February 13, 2009 – 10:16 pm


The once-mighty and monolithic UBS got knocked closer to mortal man today when the bank reported a $7B loss for fiscal fourth quarter 2008 and a $17B full year bomb. These are the biggest losses ever taken by a Swiss group.

Always disdainful of disclosure and constantly embroiled in crimes and cover ups, the autocratic bank’s infamous and audacious accounting practices still cannot hide more than $50B written down since the credit bubble burst in July 2007.
UBS is a mere vestige of its former self, but it is still able to prove that old traditions die hard. In its typical fashion, the bank provided only sketchy and twisted details of the losses and would prefer you believe it had absolutely no write-downs this past quarter. The bank makes only scant references to write-downs, blaming the losses on trading, impairments to leveraged buy-out loans, write-downs to mono-liner exposure, and a write-down to Lyondell Chemcial Co. Lyondell is particularly interesting because UBS and Goldman Sachs both helped underwrite Lyondell’s $21B takeover by Basell of Rotterdam. But even the Golden Godfather was more forthcoming than UBS with respect to losses relating to Lyondell. Witness:

The writedowns would add to at least $3.7 billion of losses related to Lyondell already acknowledged by Goldman Sachs Group Inc., Citigroup Inc. and Royal Bank of Scotland Group Plc. While Zurich-based UBS didn’t offer details, Chief Financial Officer John Cryan said on the call that the charges were “largely related to our exposure to LyondellBasell.”

More shifty accounting cost the bank an additional $3.2B.
Chief Financial Officer John Cryan told analysts the group also avoided a $3.2 billion additional hit to its operating profit by moving around $15.8 billion of risky assets to its banking book from its trading book. The switch means the bank will hold the assets “for the foreseeable future” and therefore doesn’t need to record a trading loss as their value falls.
If you crash your car and it’s a total loss, your net worth drops instantly. Somehow UBS can keep the original pre-crash price of the car on it’s books until the car’s value recovers. This kind of funny accounting won’t pay the bills, but by keeping $15.8B on the balance sheet, you can flip double or nothing for $3.2B.
Here’s how it works: UBS transfers the $15.8B loss to the banking book, where it sits as $15.8B, but they can’t get $0.15 for it and they know it will never recover. So it hangs out there before continuing on to become a write-down, which by definition is a level 3 asset.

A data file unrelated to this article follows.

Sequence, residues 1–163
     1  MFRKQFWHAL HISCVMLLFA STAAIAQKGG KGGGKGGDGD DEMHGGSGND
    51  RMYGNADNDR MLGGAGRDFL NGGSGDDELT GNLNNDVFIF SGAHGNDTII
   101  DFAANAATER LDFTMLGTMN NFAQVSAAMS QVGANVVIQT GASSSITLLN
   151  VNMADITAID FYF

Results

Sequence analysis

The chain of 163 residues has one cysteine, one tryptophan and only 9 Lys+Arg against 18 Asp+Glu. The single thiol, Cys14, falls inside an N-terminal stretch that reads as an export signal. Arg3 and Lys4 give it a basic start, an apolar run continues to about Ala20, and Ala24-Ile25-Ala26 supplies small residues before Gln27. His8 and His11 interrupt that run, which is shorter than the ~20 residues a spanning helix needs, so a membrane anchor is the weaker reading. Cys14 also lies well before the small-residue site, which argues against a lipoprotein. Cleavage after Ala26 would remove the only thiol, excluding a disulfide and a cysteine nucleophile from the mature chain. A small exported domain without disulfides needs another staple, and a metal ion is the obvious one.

UBS was interrupted by insiders’ greed. They made the deals that generated the fees and drove the bonuses, leaving the bank holding the bag long after they had fled or been fired. UBS reached down into its well-connected dirty pockets and pulled up a monster-sized bail out. The original deal made in October was supposed to transfer $60B of radioactive waste from UBS’ balance sheet to the Swiss central bank, but UBS eventually transferred a mere $40B.

It has since transferred $40 billion in toxic assets to a fund run by the Swiss National Bank and received a SwFr6 billion injection of fresh equity from the Swiss Government in return for a 9.3 per cent stake.

UBS in turn was required to raise $6B, which was achieved by issuing convertible notes. The hit to UBS, more akin to a love tap, was a CHF4.2B ($3.62B) charge and a credit expense of CHF1.6B ($1.38B). From the fourth quarter report:
UBS reached an agreement with the Swiss National Bank (SNB) in October. This allows UBS to transfer a large quantity of illiquid and other positions to a fund owned and controlled by the SNB. In a related transaction, UBS placed mandatory convertible notes with the Swiss Confederation in order to raise new capital. These two transactions impacted fourth quarter 2008 results by a net charge of CHF 4.2 billion. We recorded an own credit expense of CHF 1.6 billion, mainly due to redemptions of UBS debt during the quarter.
But for all the bail out and cover up, eventually something just had to give. Profit and prestige evaporated when the credit bubble burst and investors, especially the wealthy ones, made a run on the bank.

Profit was down around 40% at the wealth management business, which looks after the group’s rich clients, as the bank reported further outflows of cash. Clients withdrew a total of 85.8 billion francs from the group in the fourth quarter, including 58.2 billion francs from the wealth management business and business banking operation and 27.6 billion francs from the asset management side of the business.

The outflows slowed toward the end of the quarter and turned into net inflows in January as confidence improved. The group also hired around 400 financial advisers in the U.S. in the fourth quarter to boost the region.

The outflows may have begun to trickle back, but investors’ trust and nor competitors’ respect certainly has not. The bubble has burst and the loot’s been stolen. Despite all the carnage so far, the credit crisis has really just begun, so now the bank’s actions are making disclosures that no balance sheet can hide.
After announcing 9000 job cuts, UBS said it will slash another 2000 jobs and increase the pay of the remaining investment bankers. It’s a nice trickle up methodology, but in the prelude to the depression, investment banking is not where the profits will be made. Obviously, though, it does seem that it’s where UBS will go.

“The hard work in terms of headcount reduction will now be behind us. 15,000 is the right staffing level for our new investment bank.”

The hard work is just beginning if you’re one of those let go. Like a former champion who hung on too long, UBS staggers in the middle of the ring awaiting the knockout blow.
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